Olivia Meyerson would have liked to have known her grandmother and to have listened to her stories, but she never had the chance to do so.
That’s because Olivia’s grandmother died before she was born. Olivia’s mother, Chelsi Meyerson was just 12 years old when her mother – who would have been Olivia’s grandmother – succumbed to ovarian cancer.
To ensure that no one else should have the experience, Olivia and her younger brother, Mason, recently organized a fundraiser to benefit the Basser Center at the University of Pennsylvania.
“I thought about having a fundraiser,” said Olivia, who lives in Lawrence Township. She is an 8th-grader and her brother is a 6th-grader at The Pennington School.
“I brought the idea [of a fundraiser] to my mother. My grandmother died because of the BRCA gene mutation. The Basser Centeris trying to find a vaccine that would help to save so many lives and create options for future generations,” Olivia said.
Mason said he wanted to hold the fundraiser to support research “so no other families go through” having a family member develop a BCRA-linked cancer.
With some help and support from their family, Olivia and Mason raised about $10,000 through the fundraiser.
The Basser Center conducts research on a gene mutation that causes many types of cancer. Women who have inherited the BRCA gene are much more likely to develop breast or ovarian cancer, and men are at greater risk of developing prostate cancer. Both are more likely to develop pancreatic and melanoma cancers.
The Basser Center, which was begun in 2012, has made two promises, Olivia said. One promise is to develop a vaccine to halt BRCA gene mutation-related cancers, and the other is to create a blood test to discover pancreatic cancer.
Research into the BRCA gene is especially meaningful for Chelsi Meyerson – Olivia’s and Mason’s mother – because she discovered that she carries the BRCA gene. Her mother, grandmother and great-aunts had either breast or ovarian cancer, she said.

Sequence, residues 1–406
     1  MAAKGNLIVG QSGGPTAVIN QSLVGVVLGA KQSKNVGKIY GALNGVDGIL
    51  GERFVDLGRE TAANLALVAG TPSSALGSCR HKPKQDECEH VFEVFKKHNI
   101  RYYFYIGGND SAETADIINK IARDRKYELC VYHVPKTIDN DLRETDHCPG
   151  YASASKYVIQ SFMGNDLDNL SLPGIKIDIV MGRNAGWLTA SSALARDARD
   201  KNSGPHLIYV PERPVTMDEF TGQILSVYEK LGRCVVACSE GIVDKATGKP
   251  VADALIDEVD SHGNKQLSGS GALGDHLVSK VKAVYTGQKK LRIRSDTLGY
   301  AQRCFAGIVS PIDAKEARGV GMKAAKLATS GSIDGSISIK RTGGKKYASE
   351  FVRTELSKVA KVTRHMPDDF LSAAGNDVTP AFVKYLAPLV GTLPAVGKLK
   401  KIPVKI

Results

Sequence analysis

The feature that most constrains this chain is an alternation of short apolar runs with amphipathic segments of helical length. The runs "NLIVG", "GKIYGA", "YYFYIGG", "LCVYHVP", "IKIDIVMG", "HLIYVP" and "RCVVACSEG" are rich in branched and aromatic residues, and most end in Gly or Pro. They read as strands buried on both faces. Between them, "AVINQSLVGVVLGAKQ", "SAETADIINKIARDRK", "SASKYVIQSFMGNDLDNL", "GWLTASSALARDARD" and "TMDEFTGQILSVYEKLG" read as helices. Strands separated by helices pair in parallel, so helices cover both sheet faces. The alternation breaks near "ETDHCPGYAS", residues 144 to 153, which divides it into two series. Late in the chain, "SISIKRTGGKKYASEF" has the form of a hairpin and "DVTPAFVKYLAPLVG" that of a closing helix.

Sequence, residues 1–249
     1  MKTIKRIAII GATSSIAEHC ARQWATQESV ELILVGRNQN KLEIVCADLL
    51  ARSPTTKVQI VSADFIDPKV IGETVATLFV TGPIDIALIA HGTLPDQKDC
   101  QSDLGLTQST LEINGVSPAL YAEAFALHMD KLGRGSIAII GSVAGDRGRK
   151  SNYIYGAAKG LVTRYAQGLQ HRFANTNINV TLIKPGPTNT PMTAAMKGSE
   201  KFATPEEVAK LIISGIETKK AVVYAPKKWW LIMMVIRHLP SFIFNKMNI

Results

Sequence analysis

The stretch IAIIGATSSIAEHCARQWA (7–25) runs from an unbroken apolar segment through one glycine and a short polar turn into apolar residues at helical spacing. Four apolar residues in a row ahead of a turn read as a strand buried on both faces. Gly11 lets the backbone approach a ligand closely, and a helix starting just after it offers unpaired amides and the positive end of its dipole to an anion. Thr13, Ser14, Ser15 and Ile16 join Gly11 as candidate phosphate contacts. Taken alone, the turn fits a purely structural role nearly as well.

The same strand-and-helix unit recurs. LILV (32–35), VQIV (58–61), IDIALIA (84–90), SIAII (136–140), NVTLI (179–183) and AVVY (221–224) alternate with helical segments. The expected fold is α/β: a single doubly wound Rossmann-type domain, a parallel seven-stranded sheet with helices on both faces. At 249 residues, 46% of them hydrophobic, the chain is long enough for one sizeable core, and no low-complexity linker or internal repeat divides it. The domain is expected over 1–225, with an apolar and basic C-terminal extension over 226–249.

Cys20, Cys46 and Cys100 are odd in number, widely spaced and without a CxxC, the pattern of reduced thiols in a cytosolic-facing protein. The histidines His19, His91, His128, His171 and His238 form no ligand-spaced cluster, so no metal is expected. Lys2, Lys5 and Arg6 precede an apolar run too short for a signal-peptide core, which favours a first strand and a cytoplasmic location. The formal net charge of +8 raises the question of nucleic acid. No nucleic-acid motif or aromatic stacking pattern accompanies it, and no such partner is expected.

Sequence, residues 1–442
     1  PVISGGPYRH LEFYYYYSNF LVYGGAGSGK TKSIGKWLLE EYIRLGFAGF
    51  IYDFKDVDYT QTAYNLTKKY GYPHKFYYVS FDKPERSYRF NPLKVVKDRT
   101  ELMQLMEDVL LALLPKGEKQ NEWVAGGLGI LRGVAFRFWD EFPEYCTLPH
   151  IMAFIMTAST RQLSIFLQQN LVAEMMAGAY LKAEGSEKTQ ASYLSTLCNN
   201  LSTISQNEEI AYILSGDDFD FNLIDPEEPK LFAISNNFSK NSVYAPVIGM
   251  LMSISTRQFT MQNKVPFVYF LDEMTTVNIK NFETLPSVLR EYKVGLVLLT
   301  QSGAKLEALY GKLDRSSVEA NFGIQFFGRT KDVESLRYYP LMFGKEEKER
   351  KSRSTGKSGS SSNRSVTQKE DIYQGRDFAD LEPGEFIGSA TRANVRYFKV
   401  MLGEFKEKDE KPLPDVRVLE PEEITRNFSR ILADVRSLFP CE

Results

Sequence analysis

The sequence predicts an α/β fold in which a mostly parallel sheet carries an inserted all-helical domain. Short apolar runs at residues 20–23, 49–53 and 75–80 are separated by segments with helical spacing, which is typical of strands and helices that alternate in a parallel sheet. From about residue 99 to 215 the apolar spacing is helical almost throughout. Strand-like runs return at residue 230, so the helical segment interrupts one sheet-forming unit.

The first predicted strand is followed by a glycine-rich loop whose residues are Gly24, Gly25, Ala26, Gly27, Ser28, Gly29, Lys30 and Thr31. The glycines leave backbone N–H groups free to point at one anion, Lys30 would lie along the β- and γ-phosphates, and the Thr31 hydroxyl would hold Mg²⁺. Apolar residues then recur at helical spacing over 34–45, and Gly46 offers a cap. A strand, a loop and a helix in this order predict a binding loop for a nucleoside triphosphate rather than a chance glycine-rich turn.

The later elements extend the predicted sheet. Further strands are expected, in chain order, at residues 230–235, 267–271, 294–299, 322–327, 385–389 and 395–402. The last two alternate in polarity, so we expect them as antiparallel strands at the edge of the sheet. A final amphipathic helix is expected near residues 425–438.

About nine years ago, Meyerson said, she was tested for the BRCA gene. When she was found to have the gene, she underwent surgery to ensure that she would not develop breast or ovarian cancer and leave her own children to be motherless.
“I had choices my mother did not have. I had knowledge that my mother did not have. I felt lucky to have the choices that my mother, my grandmother and my great-aunts did not have,” Meyerson said.
“While I am incredibly lucky and grateful to have the knowledge and choices that they did not have, I want better knowledge and choices for my children,” Meyerson said. She said she is proud that her children undertook the fundraiser.
Meyerson said she is proud of Olivia for shedding light on the important issue of BRCA genetic mutations, and for taking steps to help other girls who may be worried about their genetic makeup. At the same time, she is sad that Olivia has to worry about it herself.
Meyerson said she would encourage others to become aware of their genetic background so they can be empowered. Awareness is key, she said.
Although it is a private thing to go through, “we feel compelled to shout it out and try to save more lives,” Meyerson said.